A new box on the tax form
As April 15 draws near, I find myself remembering the year my friend, Lisa, had a new box to check on her tax returns — the one that reads “qualifying widow(er) with dependent child.” She was 46.
Through the years we shared mud pies, Maybelline mascara and maid of honor duties. Two months after the funeral, we were sharing a plate of Memphis barbeque. I noticed her eyes looked a little less bright. Watching your husband die can affect your vision that way.
As the waitress filled our water glasses, we talked of 401Ks and how her mother called three times a day. There were new responsibilities.
“I almost forgot the flute payment,” she admitted. Her daughter was second chair at the second largest high school in Mississippi. The daughter’s grades, however, were slipping. She had a good excuse, but the new Mom/Dad combo sitting across from me wasn’t sympathetic. My friend was thinking about college and college costs. I could tell she was going to be tough.
There were moments that made her that way, like when she got the pain patches at Target and the pharmacist mentioned hospice. Before he was on hospice.
Then there was the appointment at M. D. Anderson and the long trip back.
After he died, it was the restaurant epiphany.
“I saw the empty chair across from me and tried to remember what he looked like when was eating. I couldn’t conjure up anything,” she shook her head. “I mean, did we really rush through 23 years of meals, and I never even took the time to look at him while he ate?”
Her less-bright eyes gazed long at the lunch-hour traffic outside. I scrambled for right words. We moved on to in-laws.
She got it that she and the granddaughter were their only connection to their son. Well, them and his truck. Her father-in-law couldn’t help himself when she put the “for sale” sign in the window.
More than once she insisted there was nothing to complain about. She’d be able keep the house. Friends were keeping her busy. Her rock-solid faith in the truth of Romans 8:28 — that because she is His, God is working all things together for good — was keeping her sane.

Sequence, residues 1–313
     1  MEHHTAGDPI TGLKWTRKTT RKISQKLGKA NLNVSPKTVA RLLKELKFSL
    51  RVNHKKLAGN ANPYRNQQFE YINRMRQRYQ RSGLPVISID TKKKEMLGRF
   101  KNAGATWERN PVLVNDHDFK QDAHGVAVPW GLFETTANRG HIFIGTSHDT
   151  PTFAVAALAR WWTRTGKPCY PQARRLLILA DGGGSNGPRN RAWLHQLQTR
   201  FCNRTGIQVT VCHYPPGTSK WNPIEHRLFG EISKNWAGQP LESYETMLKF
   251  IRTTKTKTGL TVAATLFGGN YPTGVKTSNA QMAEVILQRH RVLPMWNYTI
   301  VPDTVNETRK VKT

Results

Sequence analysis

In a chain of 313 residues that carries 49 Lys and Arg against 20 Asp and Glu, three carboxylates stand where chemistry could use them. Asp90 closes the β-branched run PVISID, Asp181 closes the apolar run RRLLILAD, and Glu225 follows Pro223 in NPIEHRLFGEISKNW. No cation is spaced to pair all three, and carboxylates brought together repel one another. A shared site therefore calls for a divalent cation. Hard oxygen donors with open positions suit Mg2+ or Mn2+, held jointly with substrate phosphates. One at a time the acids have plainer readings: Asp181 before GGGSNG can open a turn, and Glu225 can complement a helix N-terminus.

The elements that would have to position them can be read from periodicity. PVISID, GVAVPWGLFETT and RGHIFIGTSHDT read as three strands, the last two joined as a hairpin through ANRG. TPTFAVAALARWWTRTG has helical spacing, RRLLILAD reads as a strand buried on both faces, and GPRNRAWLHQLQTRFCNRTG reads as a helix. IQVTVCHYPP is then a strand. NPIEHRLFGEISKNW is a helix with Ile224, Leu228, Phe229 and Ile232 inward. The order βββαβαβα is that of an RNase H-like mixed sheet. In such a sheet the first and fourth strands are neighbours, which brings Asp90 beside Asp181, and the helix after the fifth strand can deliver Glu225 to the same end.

And she was insistent about something else, too.
“I really want to get the message out that more research is needed. Right now, to sit in a doctor’s office and hear the words ‘pancreatic cancer,’ it’s just a death sentence.”
True. The 5-year survival rate after such a diagnosis is a single-digit percent, and pancreatic cancer is predicted to become the second-leading cause of cancer-related deaths in the country next year. The good news is more scientists than ever before are working to improve patient outcomes. That’s bittersweet for Lisa and all the others who have lost their loved ones to the disease.
But in her case, the “new normal” kept her mind pretty occupied. Right off the bat she had to deal with a roof leak and an AC problem. It took forever to get the death certificate. Locking up at night — he always took care of that. And what about the attic full of computer parts?
“I think that’s why having his phone turned off was the hardest thing so far,” she told me, recalling his penchant for the latest technology. “I tortured myself by listening to his voice mail greeting.”
We sat silent a while. The waitress returned — again — so we left a tip and a few bites of barbeque behind. I watched Lisa drive away in the car she was learning to monitor for oil changes. Mine, with gauges I never look at, cranked as always. There were miles to go between there and home, and I had something to do that night.
I planned to watch my husband eat.
Contact Kim Henderson at firstname.lastname@example.org or follow her on twitter at @kimhenderson319.